Track listing

K-Tel's Country Superstars LP-track listingLost to the winds of time, unfortunately, is the institutional knowledge at Canada’s K-Tel corporation as to who made the curious decision to include a “country bossa nova” song from 1964 – Skeeter Davis‘s charming kiss-off “Gonna Get Along Without You Now“:

“Gonna Get Along Without You Now”     Skeeter Davis     ‘K-Tel version’

But wait:  as it turns out, Skeeter Davis’s version would hit two times, the second time being 1971 (thanks, Wikipedia), hence its inclusion on a K-Tel 1970s country compilation.  The version above – it just dawned on me – is a ‘new’ arrangement from 1971.  The original release from 1964 below sounds markedly different:

“Gonna Get Along Without You Now”     Skeeter Davis     1964

Could this be the first county pop number to take commercial advantage of the fresh bossa nova sounds that were sweeping popular music in the early-to-mid 1960s?

US 45                                                          UK release

Skeeter Davis 45-aSkeeter Davis 45-b

“Gonna Get Along Without You Now” was written by Milton Kellem in 1951 and has been covered in a wide variety of styles to date – more recently, Zooey Deschanel & Matt Ward (as She and Him) in 2010.   Kellem’s name would be associated with a number of 45s, from the 50s & 60s, including a King B-side for Bubber Johnson, ’59’s “House of Love.”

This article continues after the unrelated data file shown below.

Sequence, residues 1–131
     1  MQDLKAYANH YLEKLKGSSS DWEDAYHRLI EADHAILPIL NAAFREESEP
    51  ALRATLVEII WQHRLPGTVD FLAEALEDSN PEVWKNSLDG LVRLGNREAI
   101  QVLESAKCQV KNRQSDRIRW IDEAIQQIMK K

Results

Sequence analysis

“I’ve Got a Happy Heart”: Love’s Bullet-Proof Armor

Yesterday’s piece about Mayf Nutter featured a link to the January 13, 1973 edition of Billboard, that happened to include an adjacent news item that named all the artists who played with Buck Owens at a recent Christmas event in Bakersfield:

“Buck Owens and his group drew more than 5,000 with some turned away at the Toys for Tots program in Bakersfield.  On the show with him were the Buckaroos, Mayf Nutter, Jack Lebsock, Freddie Hart, the Bakersfield Brass, Tony Booth, the Ray Sisters, Susan Raye, and a few others.”

Susan Raye’s name immediately brought to mind her 1971 radio-friendly country pop hit, “I’ve Got a Happy Heart” and its memorable chorus — they sure don’t write lines like these in country music anymore:

I’ve got a happy heart, I feel like I could almost fly
I think that if someone shot me, I wouldn’t even die

As it turns out, “I’ve Got a Happy Heart” was penned by Bakersfield’s own, Buck Owens, along with Pat Levely, and issued on 1971 album, Pitty Pitty Patter (#6 country).  Ms. Raye would not only record the song again in late 1971 for 1972’s, I’ve Got a Happy Heart LP (#8 country) but once more in March 1973 for a duets album with Buck, Good Old Days (#29 country).